Rick McWane knew the importance of new concussion rules for Major League Baseball.
The longtime trainer for the Twins served as a committee member revamping the rules for 2011, with an eye toward protecting players from the long-term impacts of the injury, The Associated Press wrote.
"You try to take as much off the player as possible, to try to be a hero, to try to shake it off," McWane told The AP that March. "That's just not acceptable."
McWane spoke with the experience that nearly a quarter century as a trainer provided. He's since moved on to continue in sports medicine and concussion programs at an orthopedic center in Minnesota.
McWane started as a trainer in professional baseball out of Liberty University in 1987 and climbed all the way up to the majors to become head trainer of the Minnesota Twins.
McWane's first job came with the Little Falls Mets in 1987. He stayed there two seasons before joining the Twins system in 1989 with Visalia, according to his Best card.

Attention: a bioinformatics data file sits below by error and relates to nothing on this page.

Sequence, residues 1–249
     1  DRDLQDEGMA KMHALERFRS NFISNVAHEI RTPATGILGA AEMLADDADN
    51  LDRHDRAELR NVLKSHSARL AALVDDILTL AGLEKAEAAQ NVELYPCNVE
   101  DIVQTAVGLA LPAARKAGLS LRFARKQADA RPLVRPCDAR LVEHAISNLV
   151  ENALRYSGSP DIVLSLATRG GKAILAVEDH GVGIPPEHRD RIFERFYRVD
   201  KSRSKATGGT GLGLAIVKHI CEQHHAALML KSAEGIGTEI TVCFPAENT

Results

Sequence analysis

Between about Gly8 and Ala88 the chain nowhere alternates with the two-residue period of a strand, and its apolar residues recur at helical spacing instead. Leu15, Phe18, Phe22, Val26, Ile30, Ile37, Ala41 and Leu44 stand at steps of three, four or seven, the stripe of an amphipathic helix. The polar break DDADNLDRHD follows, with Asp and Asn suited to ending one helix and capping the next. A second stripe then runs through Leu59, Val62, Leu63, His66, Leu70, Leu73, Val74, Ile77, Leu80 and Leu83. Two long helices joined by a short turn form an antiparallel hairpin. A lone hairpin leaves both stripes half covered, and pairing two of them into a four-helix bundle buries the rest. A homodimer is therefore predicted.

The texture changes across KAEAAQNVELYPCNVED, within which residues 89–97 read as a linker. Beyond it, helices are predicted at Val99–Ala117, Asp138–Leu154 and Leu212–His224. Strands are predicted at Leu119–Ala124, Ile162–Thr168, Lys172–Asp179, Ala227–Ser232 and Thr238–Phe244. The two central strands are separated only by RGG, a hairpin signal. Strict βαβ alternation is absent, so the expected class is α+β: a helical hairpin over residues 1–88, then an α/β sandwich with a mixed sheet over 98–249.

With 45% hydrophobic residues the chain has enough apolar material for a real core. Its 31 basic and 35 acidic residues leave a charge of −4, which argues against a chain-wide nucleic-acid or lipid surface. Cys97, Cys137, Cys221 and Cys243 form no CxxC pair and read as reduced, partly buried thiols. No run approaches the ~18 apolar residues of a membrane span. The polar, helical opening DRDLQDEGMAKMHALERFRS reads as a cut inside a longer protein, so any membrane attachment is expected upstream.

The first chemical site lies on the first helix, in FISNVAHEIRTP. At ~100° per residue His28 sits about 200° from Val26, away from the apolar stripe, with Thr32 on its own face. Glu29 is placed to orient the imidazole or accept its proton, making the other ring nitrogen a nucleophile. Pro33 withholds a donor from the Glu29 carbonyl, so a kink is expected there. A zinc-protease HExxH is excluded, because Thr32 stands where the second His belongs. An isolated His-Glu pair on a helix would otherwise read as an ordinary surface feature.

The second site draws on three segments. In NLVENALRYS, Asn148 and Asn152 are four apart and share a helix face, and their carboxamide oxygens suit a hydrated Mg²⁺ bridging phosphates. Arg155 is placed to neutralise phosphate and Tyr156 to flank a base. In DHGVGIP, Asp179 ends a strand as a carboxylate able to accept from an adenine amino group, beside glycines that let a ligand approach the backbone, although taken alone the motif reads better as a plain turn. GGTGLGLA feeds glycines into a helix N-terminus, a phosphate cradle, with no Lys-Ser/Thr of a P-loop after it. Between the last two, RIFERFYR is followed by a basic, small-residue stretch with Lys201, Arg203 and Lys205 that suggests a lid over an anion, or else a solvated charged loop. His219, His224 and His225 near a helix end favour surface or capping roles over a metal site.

He made AA Orlando for 1990, staying there for 1992. He stayed in the minors through 2001, including serving as a trainer for the 1996 AAA All-Star game, according to Bullpen.
He made Minnesota for 2002 as assistant trainer. In 2005, he became the club's head trainer, a role he continued in through 2012.
In April 2011, McWane watched over the return of Joe Mauer from leg weakness.
"He didn't have any issues with his knee at the end of spring training, and still, his knee feels good," McWane told Bollinger Beat on MLBlogs.com late that month. "It wasn't a matter of his knee not being ready, he just I don't think had the repetitions catching or anything else. Once the season started, he started to wear down."
McWane has since taken a job as sport concussion program coordinator with Tria Orthopedic Center i in Bloomington, Minn., a job he continues in 2016.